The FTC has sued Volkswagen over its "Clean Diesel" messages over the past few years. Because of VW's ongoing diesel scandal and the fact that the company was designing and selling diesel vehicles that did not meet the legal emission requirements, the FTC is asking for compensation for anyone who bought or leased an affected car between late 2008 and late 2015. As we've reported here many times, the number of affected VW and Audi TDI models in the US is around 550,000. Many buyers felt that VW's deception was enough to file their own individual complaints to the FTC.

The FTC says that the compensation is fair because of VW's, "deceptive and unfair practices" as it broadcast a "clean diesel" message through, "a high-profile marketing campaign that included Super Bowl ads, online social media campaigns, and print advertising, often targeting 'environmentally-conscious' consumers." To show just one example, see the "Mom," commercial above. The FTC voted 4-0 to bring the lawsuit. VW says that it received the complaint that the FTC filed with the Multidistrict Lawsuit with Judge Breyer in San Francisco and, "continues to cooperate with all relevant US regulators, including the Federal Trade Commission. Our most important priority is to find a solution to the diesel emissions matter and earn back the trust of our customers and dealers as we build a better company." You can read the FTC's announcement below.

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FTC Charges Volkswagen Deceived Consumers with its "Clean Diesel" Campaign
Seeks Compensation for Those Who Bought or Leased Affected VW and Audi Vehicles over Seven-Year Period


March 29, 2016

The Federal Trade Commission has charged that Volkswagen Group of America, Inc. deceived consumers with the advertising campaign it used to promote its supposedly "clean diesel" VWs and Audis, which Volkswagen fitted with illegal emission defeat devices designed to mask high emissions during government tests. The FTC is seeking a court order requiring Volkswagen to compensate American consumers who bought or leased an affected vehicle between late 2008 and late 2015, as well as an injunction to prevent Volkswagen from engaging in this type of conduct again.

In a complaint filed in federal court, the FTC alleges that during this seven-year period Volkswagen deceived consumers by selling or leasing more than 550,000 diesel cars based on false claims that the cars were low-emission, environmentally friendly, met emissions standards and would maintain a high resale value. The cars sold for an average price of approximately $28,000.

"For years Volkswagen's ads touted the company's 'Clean Diesel' cars even though it now appears Volkswagen rigged the cars with devices designed to defeat emissions tests," said FTC Chairwoman Edith Ramirez. "Our lawsuit seeks compensation for the consumers who bought affected cars based on Volkswagen's deceptive and unfair practices."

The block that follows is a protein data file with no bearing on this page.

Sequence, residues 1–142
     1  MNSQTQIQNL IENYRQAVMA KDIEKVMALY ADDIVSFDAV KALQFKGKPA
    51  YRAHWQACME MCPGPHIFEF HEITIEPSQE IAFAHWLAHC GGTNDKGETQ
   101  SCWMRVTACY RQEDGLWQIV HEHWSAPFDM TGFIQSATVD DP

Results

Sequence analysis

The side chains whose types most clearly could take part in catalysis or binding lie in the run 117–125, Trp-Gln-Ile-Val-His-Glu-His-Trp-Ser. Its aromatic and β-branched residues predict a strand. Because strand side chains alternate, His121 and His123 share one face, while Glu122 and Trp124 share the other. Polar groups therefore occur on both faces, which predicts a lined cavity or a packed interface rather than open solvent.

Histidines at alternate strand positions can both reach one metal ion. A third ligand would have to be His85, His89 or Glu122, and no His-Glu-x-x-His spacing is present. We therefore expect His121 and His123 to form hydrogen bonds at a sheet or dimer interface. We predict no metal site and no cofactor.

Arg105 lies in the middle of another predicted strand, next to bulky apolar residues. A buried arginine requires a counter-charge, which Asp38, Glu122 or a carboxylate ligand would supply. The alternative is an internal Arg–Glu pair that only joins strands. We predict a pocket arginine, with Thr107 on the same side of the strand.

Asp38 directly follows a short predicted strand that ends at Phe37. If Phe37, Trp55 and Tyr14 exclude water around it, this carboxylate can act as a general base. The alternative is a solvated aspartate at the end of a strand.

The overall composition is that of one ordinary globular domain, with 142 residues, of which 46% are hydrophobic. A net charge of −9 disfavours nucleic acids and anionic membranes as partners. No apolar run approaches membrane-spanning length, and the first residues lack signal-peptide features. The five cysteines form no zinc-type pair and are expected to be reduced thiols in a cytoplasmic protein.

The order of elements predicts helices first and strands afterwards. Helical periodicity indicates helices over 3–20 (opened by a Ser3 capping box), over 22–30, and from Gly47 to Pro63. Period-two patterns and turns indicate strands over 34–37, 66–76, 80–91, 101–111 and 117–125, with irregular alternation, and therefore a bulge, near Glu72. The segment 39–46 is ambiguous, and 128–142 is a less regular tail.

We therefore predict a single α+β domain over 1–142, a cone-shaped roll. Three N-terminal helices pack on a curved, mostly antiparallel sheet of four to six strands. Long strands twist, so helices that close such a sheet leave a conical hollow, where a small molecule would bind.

According to the FTC's complaint, Volkswagen promoted its supposedly "clean" cars through a high-profile marketing campaign that included Super Bowl ads, online social media campaigns, and print advertising, often targeting "environmentally-conscious" consumers.

For example, Volkswagen promotional materials repeatedly claimed that its "Clean Diesel" vehicles have low emissions, including that they reduce nitrogen oxides (NOx) emissions by 90 percent and have fewer such emissions than gasoline cars. In fact, the FTC's complaint states that they emit up to 4,000 percent more than the legal limit of NOx — a dangerous pollutant that contributes to environmental harms and respiratory ailments.

The complaint alleges that Volkswagen also claimed that "Clean Diesel" vehicles met "stringent emission requirements," were "50-state compliant," and would maintain a high resale value. Yet, according to the FTC's complaint, these claims were also false because without the illegally installed software, the "Clean Diesel" vehicles would not have passed federal emissions standards and the hidden defeat devices will significantly reduce the vehicles' resale value.

The FTC also charged that Volkswagen provided the means and instrumentalities for others to deceive consumers, and that installing the emissions defeat devices was an unfair practice.

The affected vehicles include 2009 through 2015 Volkswagen TDI diesel models of Jettas, Passats, and Touareg SUVs, as well as TDI Audi models. The suggested sale prices for the affected vehicles ranged from approximately $22,000 for the least-expensive Volkswagen model with a 2.0-liter engine to approximately $125,000 for the most-expensive Audi model with 3.0-liter engine.

The Commission vote authorizing the staff to file the complaint was 4-0. The complaint was filed in the U.S. District Court for the Northern District of California, San Francisco Division.

NOTE: The Commission files a complaint when it has "reason to believe" that the law has been or is being violated and it appears to the Commission that a proceeding is in the public interest. The case will be decided by the court.

The Federal Trade Commission works to promote competition, and protect and educate consumers. You can learn more about consumer topics and file a consumer complaint online or by calling 1-877-FTC-HELP (382-4357). Like the FTC on Facebook (link is external), follow us on Twitter (link is external), read our blogs and subscribe to press releases for the latest FTC news and resources.

This post has been updated to include VW's statement.

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